The Conway Junior High School invited community members to its annual Multicultural Festival on Saturday.
The event, which brought in more than 600 people last year, featured dozens of different places from around the world and the cultures found there set up at booths for participants to come, view and talk about with creators.
"This event is really for our students," CJHS teacher and woman behind the project, Martha Hibbard, said. "Junior high is such a hard age, we want students to be proud of the cultural heritage they have and not try to hide it or ignore it to fit in."
Culture, she said, is especially important and significant for language teachers.
"Culture is more than just the language you speak," Hibbard said. "It is wrapped up in food, traditions, celebrations, family and in every day life."
While the school has done the festival for the past seven years, she said this is the first year the event was held on a Saturday.
Hibbard said there is list of benefits the event brings to the community.
"This event promotes school spirit, close interactions between students and staff, as well as students to the community," she said.
Hibbard said they even had people from the University of Central Arkansas, Hendrix College and other community representatives come.
"They bring their international students and we have the best cultural exchanges," she said. "The kids learn so much from them."
UCA student Atheer Alrajeh and her cousin, Noura Alrajeh, a student at Conway High School, prepared a booth from their home county, Saudi Arabia.
Both girls were wearing traditional outfits to represent their homeland and to try to get people to ask them questions about their heritage.
"We like to represent Saudi Arabia and want people to know more about it," Atheer said.
The college student said she thinks it’s important to share more about her country and everything it has to offer. Atheer said Saturday she was able to do that and had many people coming up and asking her questions.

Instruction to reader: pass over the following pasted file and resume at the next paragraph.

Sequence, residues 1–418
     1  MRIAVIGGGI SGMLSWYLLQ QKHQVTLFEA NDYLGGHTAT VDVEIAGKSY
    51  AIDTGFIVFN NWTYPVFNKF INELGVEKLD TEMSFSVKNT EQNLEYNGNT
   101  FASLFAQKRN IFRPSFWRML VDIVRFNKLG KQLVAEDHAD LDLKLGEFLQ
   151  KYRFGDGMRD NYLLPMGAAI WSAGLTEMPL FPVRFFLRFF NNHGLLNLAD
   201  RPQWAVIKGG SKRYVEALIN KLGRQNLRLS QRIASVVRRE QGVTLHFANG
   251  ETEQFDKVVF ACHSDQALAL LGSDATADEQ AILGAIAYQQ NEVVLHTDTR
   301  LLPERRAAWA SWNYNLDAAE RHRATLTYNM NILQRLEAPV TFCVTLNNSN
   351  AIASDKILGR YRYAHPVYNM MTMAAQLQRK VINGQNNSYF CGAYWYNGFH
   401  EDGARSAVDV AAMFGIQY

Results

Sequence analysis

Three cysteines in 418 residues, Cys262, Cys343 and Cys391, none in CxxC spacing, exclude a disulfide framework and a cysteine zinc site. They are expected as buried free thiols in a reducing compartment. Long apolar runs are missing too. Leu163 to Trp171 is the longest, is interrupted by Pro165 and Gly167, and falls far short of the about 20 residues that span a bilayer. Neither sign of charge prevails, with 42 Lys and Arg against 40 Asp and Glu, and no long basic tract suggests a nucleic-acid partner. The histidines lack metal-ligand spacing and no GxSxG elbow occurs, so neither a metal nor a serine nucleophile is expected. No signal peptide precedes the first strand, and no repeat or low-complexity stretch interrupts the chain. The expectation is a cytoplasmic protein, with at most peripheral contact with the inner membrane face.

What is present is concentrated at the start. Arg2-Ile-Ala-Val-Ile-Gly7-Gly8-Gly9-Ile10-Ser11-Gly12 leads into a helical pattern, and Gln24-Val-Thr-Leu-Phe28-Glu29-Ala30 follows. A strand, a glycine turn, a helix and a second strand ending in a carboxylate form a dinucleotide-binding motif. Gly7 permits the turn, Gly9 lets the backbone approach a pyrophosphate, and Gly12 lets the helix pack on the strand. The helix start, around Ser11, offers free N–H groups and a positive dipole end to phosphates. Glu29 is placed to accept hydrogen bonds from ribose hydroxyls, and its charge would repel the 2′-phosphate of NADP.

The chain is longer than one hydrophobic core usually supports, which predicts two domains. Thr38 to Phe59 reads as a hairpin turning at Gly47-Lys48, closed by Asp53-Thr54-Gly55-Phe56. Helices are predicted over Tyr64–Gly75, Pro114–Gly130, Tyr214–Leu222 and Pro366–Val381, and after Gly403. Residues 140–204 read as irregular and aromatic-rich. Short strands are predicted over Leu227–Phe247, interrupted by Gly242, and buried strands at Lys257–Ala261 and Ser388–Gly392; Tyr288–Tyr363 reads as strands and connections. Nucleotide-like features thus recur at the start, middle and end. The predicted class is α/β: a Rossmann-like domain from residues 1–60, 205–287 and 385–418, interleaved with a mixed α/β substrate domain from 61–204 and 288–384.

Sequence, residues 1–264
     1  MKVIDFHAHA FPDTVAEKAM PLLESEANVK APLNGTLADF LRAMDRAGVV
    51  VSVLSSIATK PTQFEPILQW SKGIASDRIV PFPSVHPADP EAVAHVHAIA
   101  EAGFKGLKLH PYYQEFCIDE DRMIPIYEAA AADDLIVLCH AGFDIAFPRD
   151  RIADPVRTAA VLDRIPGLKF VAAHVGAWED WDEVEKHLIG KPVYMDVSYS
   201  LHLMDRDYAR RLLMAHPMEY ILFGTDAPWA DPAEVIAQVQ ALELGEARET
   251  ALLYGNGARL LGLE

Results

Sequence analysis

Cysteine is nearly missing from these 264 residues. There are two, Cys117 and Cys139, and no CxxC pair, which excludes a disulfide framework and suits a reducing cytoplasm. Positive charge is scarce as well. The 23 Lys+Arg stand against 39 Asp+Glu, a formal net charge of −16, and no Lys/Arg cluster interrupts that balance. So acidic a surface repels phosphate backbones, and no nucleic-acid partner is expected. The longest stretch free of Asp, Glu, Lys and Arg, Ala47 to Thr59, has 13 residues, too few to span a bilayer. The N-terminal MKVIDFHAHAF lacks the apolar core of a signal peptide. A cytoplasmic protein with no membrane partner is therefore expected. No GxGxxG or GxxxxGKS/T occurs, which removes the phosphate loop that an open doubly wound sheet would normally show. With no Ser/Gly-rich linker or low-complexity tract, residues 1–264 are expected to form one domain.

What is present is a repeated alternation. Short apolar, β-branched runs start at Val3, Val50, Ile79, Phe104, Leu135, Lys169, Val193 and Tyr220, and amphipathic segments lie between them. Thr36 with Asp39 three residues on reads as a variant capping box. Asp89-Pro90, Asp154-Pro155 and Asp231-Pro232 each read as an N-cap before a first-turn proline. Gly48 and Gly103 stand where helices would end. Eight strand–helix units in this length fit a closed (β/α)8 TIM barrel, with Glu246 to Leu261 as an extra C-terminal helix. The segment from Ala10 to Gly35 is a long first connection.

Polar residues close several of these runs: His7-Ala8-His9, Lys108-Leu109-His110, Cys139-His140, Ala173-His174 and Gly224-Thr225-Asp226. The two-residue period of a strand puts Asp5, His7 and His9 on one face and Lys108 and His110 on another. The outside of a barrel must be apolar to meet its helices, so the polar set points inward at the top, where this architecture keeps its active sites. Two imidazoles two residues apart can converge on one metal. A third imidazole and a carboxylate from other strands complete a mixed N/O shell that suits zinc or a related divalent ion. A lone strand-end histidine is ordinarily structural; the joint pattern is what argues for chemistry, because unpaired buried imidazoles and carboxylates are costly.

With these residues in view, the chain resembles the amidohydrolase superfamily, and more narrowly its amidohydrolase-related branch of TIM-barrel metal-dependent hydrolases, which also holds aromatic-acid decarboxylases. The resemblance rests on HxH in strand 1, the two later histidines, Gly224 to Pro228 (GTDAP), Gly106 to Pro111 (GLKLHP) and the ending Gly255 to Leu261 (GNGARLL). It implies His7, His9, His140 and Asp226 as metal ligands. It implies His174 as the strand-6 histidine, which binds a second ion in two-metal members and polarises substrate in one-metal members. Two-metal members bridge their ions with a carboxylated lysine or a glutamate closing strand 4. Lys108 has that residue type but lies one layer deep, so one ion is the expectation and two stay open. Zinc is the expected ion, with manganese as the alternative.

She said her homeland’s culture has a rich culture and one that truly cares about religion and each other deeply.
"Saudi Arabian people care about families and relationships," Atheer said.
The event, she said, allowed them to express those loves about their country.
"We actually love to show up and answer people’s questions and learn about other people’s cultures," Atheer said.
People who attended the event got to sample food from around the world, view a talent show and taste food from food trucks present.
Hibbard said the event had passports that were filled out with stamps and information as well as a scavenger hunt that helped attendees learn interesting facts about each country.
For the past few months of planning and preparing the event, she said teachers have been working with students to get their booths ready.
"We have been watching students learn songs, dances [and more]," Hibbard said.
She said they even had the agriculture students learn about goats in other countries because they would have the animals present during the event and had other ones researching games and famous people, everyone banding together and going all out for the day.
"English gets us stereotype poems … art helps us make our signs," Hibbard said. "This truly is a lot of students coming together for a unique cause to celebrate the differences of others."